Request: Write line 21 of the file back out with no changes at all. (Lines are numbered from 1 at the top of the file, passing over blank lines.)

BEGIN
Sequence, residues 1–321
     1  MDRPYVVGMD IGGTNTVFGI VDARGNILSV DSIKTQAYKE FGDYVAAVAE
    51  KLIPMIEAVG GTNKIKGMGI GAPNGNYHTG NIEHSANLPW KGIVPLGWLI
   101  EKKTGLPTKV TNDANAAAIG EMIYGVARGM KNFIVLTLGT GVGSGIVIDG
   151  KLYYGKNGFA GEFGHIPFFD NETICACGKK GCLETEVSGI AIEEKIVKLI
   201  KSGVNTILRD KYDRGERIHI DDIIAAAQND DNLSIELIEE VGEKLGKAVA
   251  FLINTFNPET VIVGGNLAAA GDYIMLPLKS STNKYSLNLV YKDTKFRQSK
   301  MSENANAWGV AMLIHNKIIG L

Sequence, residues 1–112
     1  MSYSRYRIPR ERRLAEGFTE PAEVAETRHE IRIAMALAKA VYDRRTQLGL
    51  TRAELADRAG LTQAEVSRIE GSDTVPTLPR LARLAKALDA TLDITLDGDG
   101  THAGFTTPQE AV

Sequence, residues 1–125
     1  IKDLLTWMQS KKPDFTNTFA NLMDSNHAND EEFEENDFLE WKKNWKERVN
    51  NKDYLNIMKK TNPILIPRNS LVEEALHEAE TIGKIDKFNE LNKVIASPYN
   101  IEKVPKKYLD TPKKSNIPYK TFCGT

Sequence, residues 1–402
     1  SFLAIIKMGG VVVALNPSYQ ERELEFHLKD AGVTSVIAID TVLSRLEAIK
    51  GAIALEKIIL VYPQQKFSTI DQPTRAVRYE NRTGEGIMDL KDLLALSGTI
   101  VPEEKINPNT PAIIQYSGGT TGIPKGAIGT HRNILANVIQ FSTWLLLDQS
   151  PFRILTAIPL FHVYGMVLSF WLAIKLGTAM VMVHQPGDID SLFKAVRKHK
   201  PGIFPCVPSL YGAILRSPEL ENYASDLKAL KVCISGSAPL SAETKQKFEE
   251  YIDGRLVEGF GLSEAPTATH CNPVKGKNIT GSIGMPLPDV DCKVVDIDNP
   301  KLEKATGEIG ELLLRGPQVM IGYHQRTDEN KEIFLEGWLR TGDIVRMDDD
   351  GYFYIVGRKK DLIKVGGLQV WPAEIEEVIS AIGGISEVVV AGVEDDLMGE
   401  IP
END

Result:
   151  PFRILTAIPL FHVYGMVLSF WLAIKLGTAM VMVHQPGDID SLFKAVRKHK